Assembly instructions for OZMOD ARDF PLL Controller PCB with silkscreen marking "OZMOD V3.0"

These instructions are for use with assembling the March 2004 run of OZMOD ARDF PLL controller boards that was produced by the Albuquerque Amateur Radio Club (AARC).

The build will proceed as follows:

    Install and program the CPU
    Assemble the power converter
    Test the power converter sub circuit
    Complete the build 
    Install in the RX1 and test

Mike (K5ATM) OZMOD source files

Last revised 08/22/2010

      Software:   Mike K5ATM
      Hardware: Jerry WB8WFK

      Website: Jerry WB8WFK


Caution: Some components used in OZMOD are ESD (Electro Static Discharge) sensitive. Please observe proper ESD handling procedures.

Front side view of OZMOD (V3.0)


Other related files that will assist you with assembling your OZMOD
ozmod_V3.pdf Schematic of OZMOD PLL controller
toplevel.PDF System schematic showing how to connect OZMOD to the RX1
board.pdf PCB board drawings
OZMOD_V3_parts_list.pdf Parts list



Install and program the CPU

Note: If your OZMOD board already has the CPU installed and preprogrammed as part of a group buy then go to the assemble power converter section.

Refer to the parts list while performing steps outlined in this section.


1. Install
    R25 and R26

2. Install H3

3. Install U3 PIC16F873-20/SO-ND


1.Obtain the OZMOD hex code from Mike or or mikes zip file on this website.

2. Connect the ISP programming cable to the target system. Do not connect the programmer to the computer! It is recommended that the programmer is un powered when ever making or removing connections to the target system.

3. Start the PIC programmer software. Select PIC chip load hex file and configure programmer settings as shown to the right. PIC 16F873, HS, CP OFF

Make sure that the programmer software has the LOW VOLTAGE PPOGRAMMING option disabled. LVP being enabled may cause operational problems with OZMOD. I have observed problems in other PIC based projects that were caused by this function being enabled.

4. Connect programmer to computer RS-232 port and program OZMOD.

5. Use the programmer Verify function to ensure that OZMOD is programmed.

6. Unplug programmer from RS-232 port. OZMOD is loaded.

7. Unplug ISP cable from OZMOD and continue with assembly.

NOTE: I used the Spark Fun electronics model PIC -PG2C programmer with ISP cable. The cost for this programmer was $20 when I purchased my unit. This programmer uses the RS-232 port. Caution is advised as some laptop computers have low power RS-232 ports and this programmer may not work with them as it draws its operating power from the port. I have been using it with my desk top computer that has a real RS-232 port and windows XP.

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Assemble the power converter


1. Install:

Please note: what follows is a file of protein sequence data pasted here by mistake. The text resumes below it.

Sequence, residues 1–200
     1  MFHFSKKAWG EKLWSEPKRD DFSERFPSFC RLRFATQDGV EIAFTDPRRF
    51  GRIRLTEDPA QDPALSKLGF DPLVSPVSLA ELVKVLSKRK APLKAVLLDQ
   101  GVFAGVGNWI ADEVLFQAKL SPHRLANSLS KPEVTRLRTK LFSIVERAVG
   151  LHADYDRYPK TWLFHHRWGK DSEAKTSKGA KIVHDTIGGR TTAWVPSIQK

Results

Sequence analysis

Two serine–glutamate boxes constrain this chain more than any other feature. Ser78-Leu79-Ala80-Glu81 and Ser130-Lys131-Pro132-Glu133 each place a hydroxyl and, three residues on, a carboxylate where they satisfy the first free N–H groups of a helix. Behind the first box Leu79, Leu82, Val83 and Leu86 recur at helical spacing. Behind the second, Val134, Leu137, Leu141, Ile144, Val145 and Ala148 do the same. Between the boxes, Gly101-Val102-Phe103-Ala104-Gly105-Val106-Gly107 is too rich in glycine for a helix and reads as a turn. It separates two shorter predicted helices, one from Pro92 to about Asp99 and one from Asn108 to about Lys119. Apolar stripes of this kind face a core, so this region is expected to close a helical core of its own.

U1 (Install this part first)
    C7 and C8


Install U1 first as capacitors C1,C2 and C3 make it hard to access U1.

Note C1,C2 and C3 are sensitive to polarity. The band marked on D1 should be on the end closest to L1

Note Do not sub low cost electrolytic for C1,C2 and C3 as these caps need to have a low ESR for the power converter to operate correctly.

2. Inspect work for assembly errors and solder bridges.


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Test the DC / DC converter

1. Verify that JP1 is not installed (to protect the PIC chip)! The PLL chip U4 should not be installed.

2. Connect a 4.5 volt power source to H2. The positive input will be pin 2 and ground will be pin 1. See schematic.

3. Connect a voltmeter to H4. The positive lead will be connected to Pin 1 and the ground lead will be connected to pin 2. See schematic. Also note the ground pin number difference between H4 and H2. This is not an instruction typo.

4. Turn on the power supply and measure the output from the DC/DC converter. It should be close to 9 volts.

5.Turn off supply.


6. Connect the positive voltmeter test lead to the Positive end of C7.

7. Turn on the power supply and verify that the 5 volt regulator is working.

8. Turn off and Disconnect the power supply and all test cables. Do not skip this testing step as a malfunctioning power converter sub circuit could damage the PLL and PIC chip!

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Continue with build

1. Install a wire jumper in JP1 position and solder in place +5 bus is now connected to the PIC chip and LCD display header.
2. Install U4 first This step starts assembly of the Phase Lock Loop and micro controller circuit.
3. Install
    C13 and R7

4. Install Crystal X1. Caution make sure X1 is elevated above the board to prevent shorts with VIA'a and circuit traces.

Note: Use hot glue to hold X1 in position above the PCB


5. Install
     C19 and C20

This assembles the loop filter for use with the RX1 receiver
6. Install
    R22 and R23

7. Install
    C11 and C14. Also use hot glue to hold X2 in position to prevent it from touching the circuit board.


8. Inspect all work. Be sure to look for any solder bridges.

This completes assembly of an OZMOD configured for use with the RX1 receiver.

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Install in RX1

You will need to obtain the following items to assemble and house the OZMOD on the RX1. Also refer to the top level schematic for wiring the assembled unit.